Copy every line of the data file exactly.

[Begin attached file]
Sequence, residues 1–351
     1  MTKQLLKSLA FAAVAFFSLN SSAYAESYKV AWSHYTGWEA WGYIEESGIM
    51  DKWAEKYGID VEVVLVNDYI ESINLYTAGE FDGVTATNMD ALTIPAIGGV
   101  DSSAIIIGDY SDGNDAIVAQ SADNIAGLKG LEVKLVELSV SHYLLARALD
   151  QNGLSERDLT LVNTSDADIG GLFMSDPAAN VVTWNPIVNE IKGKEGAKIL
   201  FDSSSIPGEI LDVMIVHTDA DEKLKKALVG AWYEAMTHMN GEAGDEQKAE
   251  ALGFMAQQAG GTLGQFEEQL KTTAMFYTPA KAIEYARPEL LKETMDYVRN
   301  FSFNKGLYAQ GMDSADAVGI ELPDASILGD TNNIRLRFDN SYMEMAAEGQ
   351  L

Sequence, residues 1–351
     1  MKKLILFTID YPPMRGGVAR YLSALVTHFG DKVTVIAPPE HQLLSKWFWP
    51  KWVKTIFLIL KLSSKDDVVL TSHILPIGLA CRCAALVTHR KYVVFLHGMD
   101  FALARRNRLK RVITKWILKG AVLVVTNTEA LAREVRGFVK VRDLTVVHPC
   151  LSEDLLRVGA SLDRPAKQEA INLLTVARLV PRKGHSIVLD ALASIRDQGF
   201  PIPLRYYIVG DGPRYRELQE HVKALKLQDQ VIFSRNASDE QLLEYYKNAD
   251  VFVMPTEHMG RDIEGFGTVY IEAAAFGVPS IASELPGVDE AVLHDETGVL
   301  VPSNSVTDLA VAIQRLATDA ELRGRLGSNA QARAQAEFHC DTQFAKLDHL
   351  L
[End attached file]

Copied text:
Sequence, residues 1–351
     1  MTKQLLKSLA FAAVAFFSLN SSAYAESYKV AWSHYTGWEA WGYIEESGIM
    51  DKWAEKYGID VEVVLVNDYI ESINLYTAGE FDGVTATNMD ALTIPAIGGV
   101  DSSAIIIGDY SDGNDAIVAQ SADNIAGLKG LEVKLVELSV SHYLLARALD
   151  QNGLSERDLT LVNTSDADIG GLFMSDPAAN VVTWNPIVNE IKGKEGAKIL
   201  FDSSSIPGEI LDVMIVHTDA DEKLKKALVG AWYEAMTHMN GEAGDEQKAE
   251  ALGFMAQQAG GTLGQFEEQL KTTAMFYTPA KAIEYARPEL LKETMDYVRN
   301  FSFNKGLYAQ GMDSADAVGI ELPDASILGD TNNIRLRFDN SYMEMAAEGQ
   351  L

Sequence, residues 1–351
     1  MKKLILFTID YPPMRGGVAR YLSALVTHFG DKVTVIAPPE HQLLSKWFWP
    51  KWVKTIFLIL KLSSKDDVVL TSHILPIGLA CRCAALVTHR KYVVFLHGMD
   101  FALARRNRLK RVITKWILKG AVLVVTNTEA LAREVRGFVK VRDLTVVHPC
   151  LSEDLLRVGA SLDRPAKQEA INLLTVARLV PRKGHSIVLD ALASIRDQGF
   201  PIPLRYYIVG DGPRYRELQE HVKALKLQDQ VIFSRNASDE QLLEYYKNAD
   251  VFVMPTEHMG RDIEGFGTVY IEAAAFGVPS IASELPGVDE AVLHDETGVL
   301  VPSNSVTDLA VAIQRLATDA ELRGRLGSNA QARAQAEFHC DTQFAKLDHL
   351  L